The settlement was small but heavily fortified, rows of sharpened stakes forming a perimeter around a cluster of huts and a few patches of what looked like farmland.  They half-walked, half-fell into the main building, as the armored Dunmer pushed them inside with a gruff laugh. 

It was dark and hot – a single room, with a staircase leading up to another level.  The floor was dirty, and a pile of straw lay in a corner, from which several sets of snores could be heard.  The Khajiit, however, were beyond glad to be out of the storm, and turned to thank their new friend, but he was gone, the door already closed behind them. 

“Hello?” J’zigri said softly, not wanting to disturb the sleepers, but hopeful that one of them might be awake. 

There was a snort from the hay in response, and a pair of green eyes with slits for pupils regarded them coolly. 

“This one is called J’zigri,” the Khajiit continued, but J’kidar put a warning hand on his arm. 

As J’zigri watched, the Argonian in the pile of hay rose slowly to his haunches, but could rise no farther.  The chains wrapped around his hands and ankles pulled taut with a clink, and he was held there, crouched like an animal.

“Slaves…” J’kidar whispered, and J’zigri’s fur began to stand on end.  The Argonian said nothing, but to his right, another figure began to shamble upwards, and J’zigri’s horror only grew as he saw it was a Khajiit – Suthay-raht, like they were.

J’kidar turned quickly and tried the door, knowing already that it would be locked. 

It was.

“No…” J’zigri breathed.  They did not escape the Thalmor only to become slaves in this awful place. 

In desperation, the two of them threw themselves at the door, over and over again, pounding on the wood, but to no avail. 

“Let us out!” J’kidar cried.  “Let us go!”

In response, the door was flung suddenly open, and three armored figures stood in their way.  Two of them held crossbows, but the third held a fresh set of chains.

“No!” J’zigri screamed, and threw himself at the slavers with reckless abandon. J’kidar joined in the assault, kicking out with his bestial feet, catching one of them in the chest and sending him sprawling.  He turned, and saw to his dismay that J’zigri was locked in the grip of the other armed slaver, as chains were thrown roughly around his neck.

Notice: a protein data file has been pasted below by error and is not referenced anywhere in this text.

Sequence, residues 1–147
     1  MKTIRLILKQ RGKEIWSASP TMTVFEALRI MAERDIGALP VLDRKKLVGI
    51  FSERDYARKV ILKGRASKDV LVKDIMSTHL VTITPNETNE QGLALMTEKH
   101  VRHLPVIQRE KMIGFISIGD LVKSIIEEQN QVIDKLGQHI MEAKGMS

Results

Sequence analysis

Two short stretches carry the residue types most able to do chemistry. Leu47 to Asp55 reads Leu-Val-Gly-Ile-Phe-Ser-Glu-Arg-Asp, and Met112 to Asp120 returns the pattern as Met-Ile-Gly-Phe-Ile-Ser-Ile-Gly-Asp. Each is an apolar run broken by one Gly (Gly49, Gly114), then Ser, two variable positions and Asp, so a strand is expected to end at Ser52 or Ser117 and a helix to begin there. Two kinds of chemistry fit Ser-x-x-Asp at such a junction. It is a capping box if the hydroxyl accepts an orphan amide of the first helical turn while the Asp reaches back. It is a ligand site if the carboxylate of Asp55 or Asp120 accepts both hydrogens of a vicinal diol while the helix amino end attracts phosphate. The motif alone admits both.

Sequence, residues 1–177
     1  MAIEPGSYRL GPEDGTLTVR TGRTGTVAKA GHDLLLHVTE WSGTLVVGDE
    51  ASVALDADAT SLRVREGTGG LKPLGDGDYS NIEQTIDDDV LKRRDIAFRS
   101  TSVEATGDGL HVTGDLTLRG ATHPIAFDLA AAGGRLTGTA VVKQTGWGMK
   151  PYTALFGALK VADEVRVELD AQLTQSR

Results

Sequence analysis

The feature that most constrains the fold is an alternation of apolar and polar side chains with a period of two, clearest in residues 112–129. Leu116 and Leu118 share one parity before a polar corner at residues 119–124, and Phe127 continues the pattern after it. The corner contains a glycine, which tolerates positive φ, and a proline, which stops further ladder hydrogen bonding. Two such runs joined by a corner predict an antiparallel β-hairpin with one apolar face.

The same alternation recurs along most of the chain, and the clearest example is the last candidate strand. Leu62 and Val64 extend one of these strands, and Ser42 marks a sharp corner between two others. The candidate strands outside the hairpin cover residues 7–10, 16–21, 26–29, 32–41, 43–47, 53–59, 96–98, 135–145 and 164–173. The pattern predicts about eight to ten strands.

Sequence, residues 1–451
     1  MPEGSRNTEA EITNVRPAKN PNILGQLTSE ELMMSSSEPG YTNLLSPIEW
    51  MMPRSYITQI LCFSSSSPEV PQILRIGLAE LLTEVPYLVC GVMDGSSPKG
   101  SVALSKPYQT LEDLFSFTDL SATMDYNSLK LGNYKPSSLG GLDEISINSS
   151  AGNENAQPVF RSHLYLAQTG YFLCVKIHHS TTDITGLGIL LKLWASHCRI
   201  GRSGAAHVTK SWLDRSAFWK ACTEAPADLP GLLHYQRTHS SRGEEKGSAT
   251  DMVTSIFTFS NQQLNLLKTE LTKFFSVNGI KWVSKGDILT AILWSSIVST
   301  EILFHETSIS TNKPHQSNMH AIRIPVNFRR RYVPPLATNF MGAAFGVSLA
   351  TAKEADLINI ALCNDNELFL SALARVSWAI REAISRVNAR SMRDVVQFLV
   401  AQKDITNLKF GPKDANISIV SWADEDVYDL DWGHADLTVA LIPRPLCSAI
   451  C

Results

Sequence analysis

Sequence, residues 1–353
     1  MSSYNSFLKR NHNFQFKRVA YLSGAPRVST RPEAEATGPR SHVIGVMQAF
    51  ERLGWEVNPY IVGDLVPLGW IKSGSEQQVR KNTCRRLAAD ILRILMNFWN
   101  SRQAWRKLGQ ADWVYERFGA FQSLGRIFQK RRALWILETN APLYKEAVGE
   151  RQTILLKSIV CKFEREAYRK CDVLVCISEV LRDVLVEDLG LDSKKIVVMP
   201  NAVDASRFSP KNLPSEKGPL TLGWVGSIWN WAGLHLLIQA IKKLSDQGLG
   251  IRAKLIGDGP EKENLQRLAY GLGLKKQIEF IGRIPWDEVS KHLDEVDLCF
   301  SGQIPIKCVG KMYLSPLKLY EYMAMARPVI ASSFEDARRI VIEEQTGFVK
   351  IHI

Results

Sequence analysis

“Brother!” J’zigri cried.  “Run!”

And J’kidar ran. 

Out into the storm and the darkness, as fast as his paws would carry him.

Was he a coward? Perhaps. But he was also practical, and he knew that he stood no chance of rescuing his brother alone. He would need help, and he knew just where to find it. 

By Riddle’Thar and the honor of all Khajiit, J’kidar swore as he ran.  You will be saved, my brother. You will be saved.

Back in the slavers’ settlement, J’zigri knelt, the chains heavy around his body. The slaves – the other slaves, he corrected himself bitterly – were cowering in their corner, fear in their eyes, as a figure descended the stairs.

He was tall and thin, lank black hair hanging around his shoulders. His face was gray – a true Dark Elf – and he wore a cuirass of strange yet familiar green pelt. 

When J’zigri realized what it was, he was overcome by the urge to vomit. Argonian skin. No doubt it used to belong to a slave.

“Welcome,” the Dunmer said, with a crooked smile, “to my ‘umble abode.”

His voice was thick and almost slurred, his accent common, though he carried himself with the demeanor and poise of a king. Everything about him made J’zigri’s skin crawl.

“My name is Galangar,” he said, and bowed mockingly. “What’s your name?”

J’zigri’s mouth was dry, but he realized an answer was required, so he opened his mouth to speak, only to have the breath knocked from his chest by a crushing blow from the handle of one of the guards’ crossbows.

“What’s that?” Galangar asked, his grin spreading wider. “I can’t ‘ear you.”

He stepped closer, reaching out a hand to lightly scratch the fur behind J’zigri’s ears. J’zigri coughed, but was unable to move away.

“I think I’ll call you… Fluffy,” Galangar leered, and suddenly twisted J’zigri’s right ear so hard it was all he could do not to scream.

The Dunmer leaned in close, not letting go, and J’zigri could smell the wine on his breath. The pain in his ear was agonizing, and to his shame he realized tears were running down his face.

“Don’t cry, Fluffy,” Galangar whispered.  “You’re part of the family, now. We’ll look after you. House Dres always looks after its own.”